Happy New Year - 2021 in Review

Buckeye Firearms Association is an award-winning organization, recognized throughout Ohio and across America as a leading gun rights advocate. We've been reforming Ohio's gun laws for 17 years. And before that, many of our leaders had been Second Amendment advocates for decades.

We were the driving force for bringing concealed carry to Ohio so law-abiding citizens could defend themselves, introducing castle doctrine to give citizens greater protection in their homes and cars, establishing statewide preemption to prevent cities from passing their own patchwork of gun laws, closing the media access loophole to protect the privacy of concealed carry licensees, restoring the gun rights of armed service members and Ohio National Guard, passing landmark legislation to increase CCW reciprocity agreements and have a carry license substitute for a background check for gun purchases, pushing legislation to allow employees to store guns in their cars at work, and much more.

We've racked up an impressive array of legislative and legal accomplishments over the years. And in 2021, we continued our tradition of relentless advocacy on behalf of Ohio's four million gun owners.

The year began on a high note with Governor DeWine fulfilling a campaign promise and signing legislation we worked hard to pass in 2020 to repeal Ohio's “duty to retreat” law. This brought Ohio into line with as many as 35 other states that have some form of stand your ground, with no duty to retreat for those who face imminent and deadly harm as long as they are in a place they are legally permitted to be.

Then just a few days later, the Governor signed a BFA-supported bill to update Ohio's knife laws, repealing the ban on the manufacture and sale of "switchblade," "spring blade" and "gravity" knives. The bill also cleared up the confusion about carrying knives by defining a knife, razor or cutting instrument as a "deadly weapon" or "weapon" only if it is used as a weapon.

Throughout the year, we supported 15 separate bills to reduce firearm regulations and expand Second Amendment rights. This included frequently meeting with legislators, providing testimony, and aggressively advocating for key bills such as HB 89 to repeal the duty to "promptly" inform, HB 99 to exempt armed school personnel from police training, HB 227 and SB 215 for Constitutional Carry, HB 297 to prevent discrimination against firearms businesses, and HB 325 and SB 185 to limit government power during emergencies.

We monitored and pushed back on nine separate gun control bills, including Democrat-sponsored legislation to reinstate the duty to retreat, enact extreme risk protection orders, mandate universal background checks, require firearms to be locked up, raise the firearm ownership age to 21, repeal statewide preemption, and ban bump stocks. None of these bills have moved an inch.

BFA and our partners drove more than 100,000 constituent messages to Ohio lawmakers in support of key legislation, including bills for Constitutional Carry and armed teachers.

In late January, BFA launched a podcast called Keep and Bear Radio. Featuring fun and frank discussions about gun rights at the state and national level, Keep and Bear Radio continues to grow in popularity and ranks in the top 5% of all podcasts nationwide.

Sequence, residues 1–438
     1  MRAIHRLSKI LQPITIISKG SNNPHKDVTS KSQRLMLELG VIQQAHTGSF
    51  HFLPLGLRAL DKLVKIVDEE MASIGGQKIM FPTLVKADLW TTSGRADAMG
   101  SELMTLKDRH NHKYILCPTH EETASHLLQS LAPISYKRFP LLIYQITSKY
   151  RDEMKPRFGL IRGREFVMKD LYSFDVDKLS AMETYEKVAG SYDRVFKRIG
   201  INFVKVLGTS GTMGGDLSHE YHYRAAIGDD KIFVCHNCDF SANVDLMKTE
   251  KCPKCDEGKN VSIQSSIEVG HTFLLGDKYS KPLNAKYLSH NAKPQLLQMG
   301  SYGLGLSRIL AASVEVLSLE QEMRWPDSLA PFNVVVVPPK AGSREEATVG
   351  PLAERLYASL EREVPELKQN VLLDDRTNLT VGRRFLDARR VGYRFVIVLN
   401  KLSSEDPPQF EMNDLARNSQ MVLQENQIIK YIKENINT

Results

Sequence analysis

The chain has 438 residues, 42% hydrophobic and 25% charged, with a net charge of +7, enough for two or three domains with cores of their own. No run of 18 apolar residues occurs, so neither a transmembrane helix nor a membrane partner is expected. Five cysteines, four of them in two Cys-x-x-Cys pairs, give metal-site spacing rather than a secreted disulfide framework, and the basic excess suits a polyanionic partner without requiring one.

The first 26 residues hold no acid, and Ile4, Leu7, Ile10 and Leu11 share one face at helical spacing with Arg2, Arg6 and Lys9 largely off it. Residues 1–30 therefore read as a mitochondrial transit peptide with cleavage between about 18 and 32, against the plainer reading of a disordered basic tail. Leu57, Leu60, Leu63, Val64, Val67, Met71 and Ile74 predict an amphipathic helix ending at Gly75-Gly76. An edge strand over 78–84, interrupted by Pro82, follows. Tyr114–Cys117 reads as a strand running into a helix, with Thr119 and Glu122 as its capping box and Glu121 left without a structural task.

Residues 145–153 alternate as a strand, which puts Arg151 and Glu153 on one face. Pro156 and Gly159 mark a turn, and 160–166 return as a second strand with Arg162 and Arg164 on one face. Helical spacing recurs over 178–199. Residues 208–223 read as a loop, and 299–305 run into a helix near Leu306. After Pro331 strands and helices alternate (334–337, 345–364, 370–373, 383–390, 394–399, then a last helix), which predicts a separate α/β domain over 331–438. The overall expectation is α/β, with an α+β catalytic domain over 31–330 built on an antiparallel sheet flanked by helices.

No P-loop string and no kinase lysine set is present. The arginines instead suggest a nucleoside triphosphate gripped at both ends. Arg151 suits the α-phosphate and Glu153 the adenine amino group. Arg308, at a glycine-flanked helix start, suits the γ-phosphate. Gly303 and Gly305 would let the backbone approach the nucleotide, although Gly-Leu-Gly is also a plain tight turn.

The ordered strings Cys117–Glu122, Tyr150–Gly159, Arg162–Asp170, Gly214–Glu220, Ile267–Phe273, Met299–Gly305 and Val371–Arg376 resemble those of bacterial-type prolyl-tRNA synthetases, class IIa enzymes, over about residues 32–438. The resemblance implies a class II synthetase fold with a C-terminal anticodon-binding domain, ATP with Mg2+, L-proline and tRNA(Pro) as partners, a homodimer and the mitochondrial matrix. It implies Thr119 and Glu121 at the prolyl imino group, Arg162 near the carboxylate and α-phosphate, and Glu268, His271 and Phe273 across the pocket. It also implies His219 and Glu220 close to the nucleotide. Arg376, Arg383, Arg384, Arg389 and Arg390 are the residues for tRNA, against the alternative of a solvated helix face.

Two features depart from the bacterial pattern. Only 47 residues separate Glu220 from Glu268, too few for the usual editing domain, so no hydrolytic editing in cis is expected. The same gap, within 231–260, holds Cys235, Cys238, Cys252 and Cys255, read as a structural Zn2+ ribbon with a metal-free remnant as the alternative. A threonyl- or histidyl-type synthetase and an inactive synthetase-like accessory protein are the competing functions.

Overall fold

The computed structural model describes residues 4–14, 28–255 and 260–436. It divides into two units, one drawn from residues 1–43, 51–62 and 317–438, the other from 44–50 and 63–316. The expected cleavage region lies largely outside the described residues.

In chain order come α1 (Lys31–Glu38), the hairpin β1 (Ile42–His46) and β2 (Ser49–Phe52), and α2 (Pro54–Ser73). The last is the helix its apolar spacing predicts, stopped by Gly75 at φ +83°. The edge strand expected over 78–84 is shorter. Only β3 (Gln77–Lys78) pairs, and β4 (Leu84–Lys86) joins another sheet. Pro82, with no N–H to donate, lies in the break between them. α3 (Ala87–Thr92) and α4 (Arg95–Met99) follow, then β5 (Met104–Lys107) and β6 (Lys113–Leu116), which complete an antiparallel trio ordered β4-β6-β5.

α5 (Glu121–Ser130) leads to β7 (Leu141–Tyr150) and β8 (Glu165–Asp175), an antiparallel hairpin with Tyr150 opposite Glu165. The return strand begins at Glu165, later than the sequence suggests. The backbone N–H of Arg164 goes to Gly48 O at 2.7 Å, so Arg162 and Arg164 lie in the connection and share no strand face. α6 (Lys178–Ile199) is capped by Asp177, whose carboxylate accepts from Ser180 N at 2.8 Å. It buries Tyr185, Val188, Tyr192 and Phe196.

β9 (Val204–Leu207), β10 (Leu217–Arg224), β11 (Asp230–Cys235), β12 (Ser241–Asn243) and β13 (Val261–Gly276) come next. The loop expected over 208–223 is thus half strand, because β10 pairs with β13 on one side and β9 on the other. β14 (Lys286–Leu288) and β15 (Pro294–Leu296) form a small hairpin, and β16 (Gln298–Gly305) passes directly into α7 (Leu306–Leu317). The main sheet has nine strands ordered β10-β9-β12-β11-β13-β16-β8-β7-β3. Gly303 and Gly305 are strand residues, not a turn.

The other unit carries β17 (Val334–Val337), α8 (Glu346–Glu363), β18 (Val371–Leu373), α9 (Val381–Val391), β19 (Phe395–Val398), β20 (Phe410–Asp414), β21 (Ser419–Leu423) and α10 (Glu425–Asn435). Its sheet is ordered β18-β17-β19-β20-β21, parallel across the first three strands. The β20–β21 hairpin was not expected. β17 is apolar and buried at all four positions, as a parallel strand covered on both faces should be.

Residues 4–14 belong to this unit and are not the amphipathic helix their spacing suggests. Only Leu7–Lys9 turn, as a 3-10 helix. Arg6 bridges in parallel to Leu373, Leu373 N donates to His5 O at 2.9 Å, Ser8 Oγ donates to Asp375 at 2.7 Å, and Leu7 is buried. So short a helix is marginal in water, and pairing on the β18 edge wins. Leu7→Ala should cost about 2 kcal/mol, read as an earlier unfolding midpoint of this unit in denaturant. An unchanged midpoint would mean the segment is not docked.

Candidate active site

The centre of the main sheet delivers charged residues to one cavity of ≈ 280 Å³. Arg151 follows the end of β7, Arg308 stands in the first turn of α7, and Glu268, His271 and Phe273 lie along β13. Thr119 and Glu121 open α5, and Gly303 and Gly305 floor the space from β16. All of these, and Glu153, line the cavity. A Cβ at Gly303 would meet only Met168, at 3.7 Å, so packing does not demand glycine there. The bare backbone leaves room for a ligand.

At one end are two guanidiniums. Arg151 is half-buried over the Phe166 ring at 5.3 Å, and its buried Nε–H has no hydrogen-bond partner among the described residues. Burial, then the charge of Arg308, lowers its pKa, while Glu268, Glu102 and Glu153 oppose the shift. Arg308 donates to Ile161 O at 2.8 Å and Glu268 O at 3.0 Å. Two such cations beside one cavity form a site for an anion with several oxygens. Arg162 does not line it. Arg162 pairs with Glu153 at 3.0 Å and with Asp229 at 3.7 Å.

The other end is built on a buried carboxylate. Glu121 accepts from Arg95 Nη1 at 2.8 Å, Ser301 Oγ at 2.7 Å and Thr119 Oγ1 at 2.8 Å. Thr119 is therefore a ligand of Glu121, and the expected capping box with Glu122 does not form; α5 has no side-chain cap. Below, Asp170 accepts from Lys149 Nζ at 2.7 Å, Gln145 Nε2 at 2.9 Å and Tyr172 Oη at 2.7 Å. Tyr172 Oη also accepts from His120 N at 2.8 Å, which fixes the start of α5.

Throughout the year, we kept you informed about gun control efforts at the federal level. This included HR 127, sponsored by Shelia Jackson Lee (D-TX), one of the most outrageous and aggressive anti-gun bills ever introduced. The bill sought to impose a multi-part licensing system, build a federally controlled gun registry, collect ongoing fees for gun ownership, criminalize innocent activity and inflict harsh penalties.

Then there was the Assault Weapons Ban of 2021, sponsored by Dianne Feinstein (D-CA), which sought to ban AR-15s and AK-47s along with standard-capacity magazines that hold more than 10 rounds of ammunition. Currently, both of these bills are dead in the water.

Local governments dreamed of gun control as well. We sounded the alarm when Columbus City Council announced a gun control hearing. We reminded them that, thanks to BFA efforts in previous years, Ohio law forbids cities from regulating firearms, components, and ammunition, and that what council members were proposing was illegal and subject to litigation. Just 5 hours later, City Council backed down and postponed the hearing.

In years past, we participated in two landmark U.S. Supreme Court victories, D.C. v. Heller, affirming the individual right of gun ownership, and McDonald v. City of Chicago, which concluded that this individual right is enforceable in the states. And this year, we were asked once again to submit an amicus brief in New York State Rifle & Pistol Association Inc. v. Corlett, a case focused on carrying firearms. We expect a decision in the new year.

We continued to expose astroturf groups posing as "gun safety" organizations but really pushing gun control dogma, such as Ohioan for Gun Safety, which finally closed shop in June. This follows the same pattern as other sham groups, including Americans for Gun Safety, Gun Guys, and American Hunters and Shooters Association, all of which we outed as phony and deceptive political scams.